Maximum effort

The regional government is sparing no effort to provide the environment and infrastructure required to develop the sectors in which it wants to promote investment. The region has a world-class network of industrial and technology sites devoted to science and technology clusters to promote these strategic sectors. There are 10 technology parks, 16 technology centres, 15 centres of innovation and technology, three European centres of enterprise and innovation, as well as a large network of business offices with modern infrastructure at competitive costs.

Andalucía offers world-class transport infrastructure, with flights to 70 international destinations, including a direct connection to New York. Foreigners working in the region have access to 10 international schools for their families and three main regional capital cities – Seville, Granada and Córdoba – less than one-and-a-half hours from one another.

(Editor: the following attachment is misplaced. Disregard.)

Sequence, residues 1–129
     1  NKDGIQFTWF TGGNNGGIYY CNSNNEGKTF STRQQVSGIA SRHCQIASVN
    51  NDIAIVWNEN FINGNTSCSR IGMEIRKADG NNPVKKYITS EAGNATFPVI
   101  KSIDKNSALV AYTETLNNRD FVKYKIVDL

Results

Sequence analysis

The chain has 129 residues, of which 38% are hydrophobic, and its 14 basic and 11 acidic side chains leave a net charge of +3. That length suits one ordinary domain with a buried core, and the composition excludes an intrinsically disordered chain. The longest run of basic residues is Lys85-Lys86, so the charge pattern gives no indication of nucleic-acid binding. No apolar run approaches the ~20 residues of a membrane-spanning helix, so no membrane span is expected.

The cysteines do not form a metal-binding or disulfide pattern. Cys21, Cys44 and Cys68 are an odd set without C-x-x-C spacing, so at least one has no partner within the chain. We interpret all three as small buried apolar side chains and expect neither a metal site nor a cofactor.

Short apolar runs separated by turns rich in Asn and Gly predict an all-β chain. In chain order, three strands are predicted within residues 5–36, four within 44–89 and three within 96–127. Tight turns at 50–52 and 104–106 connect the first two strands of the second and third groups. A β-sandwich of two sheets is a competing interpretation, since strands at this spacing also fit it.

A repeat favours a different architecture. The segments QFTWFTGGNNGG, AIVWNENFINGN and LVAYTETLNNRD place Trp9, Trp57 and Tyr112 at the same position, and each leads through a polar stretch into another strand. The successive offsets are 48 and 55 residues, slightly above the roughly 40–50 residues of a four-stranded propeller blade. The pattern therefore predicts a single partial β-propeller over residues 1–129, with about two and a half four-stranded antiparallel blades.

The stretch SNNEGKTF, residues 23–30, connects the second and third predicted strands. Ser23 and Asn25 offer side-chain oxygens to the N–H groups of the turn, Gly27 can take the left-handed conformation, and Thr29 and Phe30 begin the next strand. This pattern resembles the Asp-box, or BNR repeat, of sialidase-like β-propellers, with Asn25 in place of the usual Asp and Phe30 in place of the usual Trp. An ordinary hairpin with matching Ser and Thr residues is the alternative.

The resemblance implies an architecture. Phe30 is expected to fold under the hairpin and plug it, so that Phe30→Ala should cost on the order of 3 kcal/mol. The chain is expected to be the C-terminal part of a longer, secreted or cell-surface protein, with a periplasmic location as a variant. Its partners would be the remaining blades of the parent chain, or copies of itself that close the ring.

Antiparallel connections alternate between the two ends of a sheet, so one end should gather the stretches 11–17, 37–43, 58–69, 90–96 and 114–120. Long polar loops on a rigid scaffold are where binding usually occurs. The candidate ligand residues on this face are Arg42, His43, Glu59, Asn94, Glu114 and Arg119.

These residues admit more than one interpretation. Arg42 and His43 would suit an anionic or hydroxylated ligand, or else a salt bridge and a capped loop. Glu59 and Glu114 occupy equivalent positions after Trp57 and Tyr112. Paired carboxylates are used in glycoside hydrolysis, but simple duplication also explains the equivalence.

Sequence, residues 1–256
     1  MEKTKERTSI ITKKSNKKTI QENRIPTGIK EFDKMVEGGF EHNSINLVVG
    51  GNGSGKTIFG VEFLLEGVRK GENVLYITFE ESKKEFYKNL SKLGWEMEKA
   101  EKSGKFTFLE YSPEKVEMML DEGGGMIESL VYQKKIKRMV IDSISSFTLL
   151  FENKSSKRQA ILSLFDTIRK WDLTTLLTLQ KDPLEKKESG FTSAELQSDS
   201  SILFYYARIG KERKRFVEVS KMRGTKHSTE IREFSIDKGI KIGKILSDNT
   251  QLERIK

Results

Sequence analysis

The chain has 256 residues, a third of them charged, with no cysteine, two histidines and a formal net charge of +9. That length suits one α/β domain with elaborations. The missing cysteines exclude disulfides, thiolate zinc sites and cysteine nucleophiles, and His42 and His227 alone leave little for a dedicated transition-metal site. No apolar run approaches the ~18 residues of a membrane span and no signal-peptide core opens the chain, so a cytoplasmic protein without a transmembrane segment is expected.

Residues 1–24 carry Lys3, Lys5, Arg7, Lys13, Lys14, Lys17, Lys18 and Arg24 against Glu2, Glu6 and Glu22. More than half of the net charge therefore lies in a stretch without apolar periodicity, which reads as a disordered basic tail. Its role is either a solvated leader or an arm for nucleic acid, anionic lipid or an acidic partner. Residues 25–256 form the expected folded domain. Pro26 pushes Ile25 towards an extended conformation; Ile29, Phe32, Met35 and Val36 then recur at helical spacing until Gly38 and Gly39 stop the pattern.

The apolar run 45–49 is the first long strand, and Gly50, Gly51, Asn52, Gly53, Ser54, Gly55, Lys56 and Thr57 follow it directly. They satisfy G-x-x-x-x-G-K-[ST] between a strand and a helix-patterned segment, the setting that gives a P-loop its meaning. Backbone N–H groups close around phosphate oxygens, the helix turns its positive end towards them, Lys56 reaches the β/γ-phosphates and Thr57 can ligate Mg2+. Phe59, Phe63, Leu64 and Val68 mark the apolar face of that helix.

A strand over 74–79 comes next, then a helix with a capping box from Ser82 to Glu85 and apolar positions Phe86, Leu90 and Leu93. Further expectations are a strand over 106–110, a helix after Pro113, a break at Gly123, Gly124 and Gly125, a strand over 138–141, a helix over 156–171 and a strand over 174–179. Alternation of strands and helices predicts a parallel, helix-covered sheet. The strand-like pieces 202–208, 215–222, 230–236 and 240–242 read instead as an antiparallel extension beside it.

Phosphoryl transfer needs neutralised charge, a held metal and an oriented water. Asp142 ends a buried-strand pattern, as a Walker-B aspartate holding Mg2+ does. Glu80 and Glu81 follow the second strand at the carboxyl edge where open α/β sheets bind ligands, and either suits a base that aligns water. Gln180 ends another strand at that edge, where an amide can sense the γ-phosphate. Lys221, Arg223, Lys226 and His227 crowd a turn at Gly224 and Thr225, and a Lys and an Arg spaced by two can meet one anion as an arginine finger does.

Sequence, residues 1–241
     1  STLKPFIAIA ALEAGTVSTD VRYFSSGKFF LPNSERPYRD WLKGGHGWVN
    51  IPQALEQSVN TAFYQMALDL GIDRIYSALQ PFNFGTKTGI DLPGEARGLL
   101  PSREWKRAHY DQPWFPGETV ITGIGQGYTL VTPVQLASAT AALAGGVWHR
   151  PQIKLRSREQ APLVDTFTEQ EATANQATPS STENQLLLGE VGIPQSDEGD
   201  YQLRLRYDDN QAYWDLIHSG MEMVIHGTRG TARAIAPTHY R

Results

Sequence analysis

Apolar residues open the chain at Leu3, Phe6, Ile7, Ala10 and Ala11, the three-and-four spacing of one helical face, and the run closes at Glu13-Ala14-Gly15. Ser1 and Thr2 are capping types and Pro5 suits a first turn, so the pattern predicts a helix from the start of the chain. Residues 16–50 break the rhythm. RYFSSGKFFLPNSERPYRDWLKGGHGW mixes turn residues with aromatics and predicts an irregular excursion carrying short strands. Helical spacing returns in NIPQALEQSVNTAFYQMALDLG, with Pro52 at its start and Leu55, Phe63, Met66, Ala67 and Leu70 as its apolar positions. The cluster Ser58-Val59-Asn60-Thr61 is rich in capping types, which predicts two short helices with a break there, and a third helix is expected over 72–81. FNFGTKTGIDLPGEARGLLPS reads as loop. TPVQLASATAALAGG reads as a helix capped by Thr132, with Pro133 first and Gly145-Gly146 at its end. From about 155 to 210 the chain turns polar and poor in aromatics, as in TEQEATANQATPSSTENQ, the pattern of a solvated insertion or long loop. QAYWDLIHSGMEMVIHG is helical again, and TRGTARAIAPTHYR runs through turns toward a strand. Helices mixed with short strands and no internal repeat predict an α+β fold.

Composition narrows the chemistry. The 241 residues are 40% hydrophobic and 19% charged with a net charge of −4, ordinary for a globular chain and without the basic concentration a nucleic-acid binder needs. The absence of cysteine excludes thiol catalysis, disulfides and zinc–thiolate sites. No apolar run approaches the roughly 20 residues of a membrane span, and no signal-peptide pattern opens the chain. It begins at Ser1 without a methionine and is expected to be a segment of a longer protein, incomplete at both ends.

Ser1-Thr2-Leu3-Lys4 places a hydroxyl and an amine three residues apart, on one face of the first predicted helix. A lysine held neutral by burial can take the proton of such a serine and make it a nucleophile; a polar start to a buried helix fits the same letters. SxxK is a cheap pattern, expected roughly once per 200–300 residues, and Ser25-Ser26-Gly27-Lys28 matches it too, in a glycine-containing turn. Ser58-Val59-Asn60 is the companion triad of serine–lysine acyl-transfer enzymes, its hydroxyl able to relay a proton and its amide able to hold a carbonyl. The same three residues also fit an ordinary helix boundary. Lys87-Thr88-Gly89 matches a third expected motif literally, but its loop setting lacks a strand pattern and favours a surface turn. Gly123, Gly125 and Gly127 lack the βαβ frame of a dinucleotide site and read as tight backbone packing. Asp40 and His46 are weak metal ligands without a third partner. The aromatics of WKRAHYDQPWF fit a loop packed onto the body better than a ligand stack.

As for port facilities, South Korea’s Hanjin Shipping selected Algeciras for its initial investment in the western Mediterranean region. The company is investing €374m to build and operate the port’s third container terminal, which will create 455 jobs. This is part of the first stage of an expansion programme for Algeciras. Young Min Him, the company’s executive vice-president, says: “We chose Algeciras not only for container ship traffic but also for imports and domestic exports.” Hanjin’s investment in Algeciras will ensure that Andalucía retains its leadership position in Spanish port facilities.

Algeciras is Spain’s leading seaport for its location as a world crossroads for cargo. The Andalusían port has become the hub for the western Mediterranean for container traffic. It has a wide range of specialised facilities for all types of cargo and traffic and ranks as the sea bridge between southern Europe and north Africa. This is reflected in the 5 million passengers and 1.5 million vehicles that crossed the Strait of Gibraltar in 2008.


The cost of this report was underwritten by IDEA. Reporting was carried out independently by fDi.